January 12, 1978

Kiss

Alive II Casablanca

One of the perennial saving graces of rock & roll is its accessibility to the true believer. In a sort of Horatio Alger formula, if you need it badly enough and have the right attitude, eventually you'll become an adequate rocker. Kiss, a band built almost entirely around an image, offers the latest proof of this maxim. Kiss has improved dramatically during its recording career, first to the high point of raw efficiency achieved on "I Wanna Rock & Roll All Night," more recently ... | More »

Iggy Pop

Lust For Life Toshiba EMI

Iggy Pop's second comeback album leaves one with ambivalent feelings: glad that Iggy is alive, apparently well, writing, singing and performing again, but upset because his new stance is so utterly unchallenging and cautious. Taken purely on its own terms, Lust for Life is a successful album. Side one is quite good, starting with the title cut, which rocks with a Sandy Nelson-like drum style while Iggy delivers his survivor message to the masses, and continuing to the closing track, "Ton... | More »

David Bowie

Heroes EMI Music Distribution

Heroes is the second album in what we can now hope will be a series of David Bowie-Brian Eno collaborations, because this album answers the question of whether Bowie can be a real collaborator. Like his work with Lou Reed, Mott the Hoople and Iggy Pop, Low, Bowie's first album with Eno, seemed to be just another auteurist exploitation, this time of the Eno-Kraftwerk avant-garde. Heroes, though, prompts a much more enthusiastic reading of the collaboration, which here takes the form of a ... | More »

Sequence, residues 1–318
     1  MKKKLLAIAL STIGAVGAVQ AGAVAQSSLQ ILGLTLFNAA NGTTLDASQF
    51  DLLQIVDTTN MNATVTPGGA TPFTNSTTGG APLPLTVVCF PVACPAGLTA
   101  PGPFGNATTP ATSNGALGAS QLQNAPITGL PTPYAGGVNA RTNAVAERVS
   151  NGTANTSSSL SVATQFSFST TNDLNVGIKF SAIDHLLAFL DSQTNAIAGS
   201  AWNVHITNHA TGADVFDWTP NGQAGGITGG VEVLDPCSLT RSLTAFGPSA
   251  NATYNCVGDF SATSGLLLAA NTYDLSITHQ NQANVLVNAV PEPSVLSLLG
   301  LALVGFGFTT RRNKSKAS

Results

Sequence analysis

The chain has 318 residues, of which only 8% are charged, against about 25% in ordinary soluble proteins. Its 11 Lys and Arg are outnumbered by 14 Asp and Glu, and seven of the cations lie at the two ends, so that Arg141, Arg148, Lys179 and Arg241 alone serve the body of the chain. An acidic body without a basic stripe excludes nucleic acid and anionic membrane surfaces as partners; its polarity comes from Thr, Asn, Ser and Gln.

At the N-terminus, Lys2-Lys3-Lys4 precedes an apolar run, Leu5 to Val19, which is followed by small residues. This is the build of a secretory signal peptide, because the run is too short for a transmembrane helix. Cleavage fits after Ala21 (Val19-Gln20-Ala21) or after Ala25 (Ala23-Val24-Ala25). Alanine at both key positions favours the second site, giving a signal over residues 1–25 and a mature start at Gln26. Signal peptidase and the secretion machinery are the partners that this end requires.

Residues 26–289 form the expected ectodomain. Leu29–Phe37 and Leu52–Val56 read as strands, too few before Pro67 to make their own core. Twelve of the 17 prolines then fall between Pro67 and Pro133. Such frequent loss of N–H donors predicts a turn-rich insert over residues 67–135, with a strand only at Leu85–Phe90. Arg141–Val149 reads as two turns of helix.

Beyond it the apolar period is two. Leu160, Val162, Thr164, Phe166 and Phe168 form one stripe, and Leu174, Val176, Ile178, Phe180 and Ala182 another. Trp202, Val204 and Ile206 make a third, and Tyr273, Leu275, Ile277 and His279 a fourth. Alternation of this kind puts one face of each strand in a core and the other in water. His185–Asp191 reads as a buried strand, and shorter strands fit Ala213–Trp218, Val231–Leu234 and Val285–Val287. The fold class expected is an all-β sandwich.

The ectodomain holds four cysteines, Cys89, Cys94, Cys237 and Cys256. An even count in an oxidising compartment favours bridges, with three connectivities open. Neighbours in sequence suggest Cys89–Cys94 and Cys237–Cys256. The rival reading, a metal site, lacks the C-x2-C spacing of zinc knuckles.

December 29, 1977

Eric Clapton

Slowhand

Eric Clapton's solo albums have tended to be so evenhanded and laconic that they often seem interchangeable. His pain was always so apparent that every move he made seemed frozen for eternity. At first glance, Slow Hand does nothing to alter that pattern — a few good tracks interspersed between the usual filler — but there's a lot more going on here beneath the surface. Clapton is showing signs of psychic rehabilitation. His love songs are pointedly realistic. In a chill... | More »

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Song Stories

“Long Walk Home”

Bruce Springsteen | 2007

When the subject of this mournful song returns home, he hardly recognizes his town. Springsteen told Rolling Stone the alienation the man feels is a metaphor for life in a politically altered post-9/11 America. “Who would have ever thought we’d live in a country without habeas corpus?” he said. “That’s Orwellian. That’s what political hysteria is about and how effective it is. I felt it in myself. You get frightened for your family, for your home. And you realize how countries can move way off course, very far from democratic ideals.”

More Song Stories entries »